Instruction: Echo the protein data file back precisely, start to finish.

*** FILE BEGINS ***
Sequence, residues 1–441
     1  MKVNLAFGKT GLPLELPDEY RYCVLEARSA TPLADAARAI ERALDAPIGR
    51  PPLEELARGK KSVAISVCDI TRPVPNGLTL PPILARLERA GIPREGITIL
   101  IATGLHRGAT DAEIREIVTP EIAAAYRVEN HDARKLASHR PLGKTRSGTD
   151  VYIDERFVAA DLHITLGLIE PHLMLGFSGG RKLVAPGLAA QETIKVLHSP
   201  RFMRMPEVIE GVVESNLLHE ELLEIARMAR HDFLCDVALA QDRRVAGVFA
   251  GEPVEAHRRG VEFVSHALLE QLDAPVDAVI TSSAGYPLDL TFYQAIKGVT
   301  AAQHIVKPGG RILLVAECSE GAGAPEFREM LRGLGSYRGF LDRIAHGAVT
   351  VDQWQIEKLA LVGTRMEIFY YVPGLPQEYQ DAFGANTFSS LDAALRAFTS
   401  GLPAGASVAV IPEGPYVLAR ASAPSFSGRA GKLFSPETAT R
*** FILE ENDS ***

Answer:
Sequence, residues 1–441
     1  MKVNLAFGKT GLPLELPDEY RYCVLEARSA TPLADAARAI ERALDAPIGR
    51  PPLEELARGK KSVAISVCDI TRPVPNGLTL PPILARLERA GIPREGITIL
   101  IATGLHRGAT DAEIREIVTP EIAAAYRVEN HDARKLASHR PLGKTRSGTD
   151  VYIDERFVAA DLHITLGLIE PHLMLGFSGG RKLVAPGLAA QETIKVLHSP
   201  RFMRMPEVIE GVVESNLLHE ELLEIARMAR HDFLCDVALA QDRRVAGVFA
   251  GEPVEAHRRG VEFVSHALLE QLDAPVDAVI TSSAGYPLDL TFYQAIKGVT
   301  AAQHIVKPGG RILLVAECSE GAGAPEFREM LRGLGSYRGF LDRIAHGAVT
   351  VDQWQIEKLA LVGTRMEIFY YVPGLPQEYQ DAFGANTFSS LDAALRAFTS
   401  GLPAGASVAV IPEGPYVLAR ASAPSFSGRA GKLFSPETAT R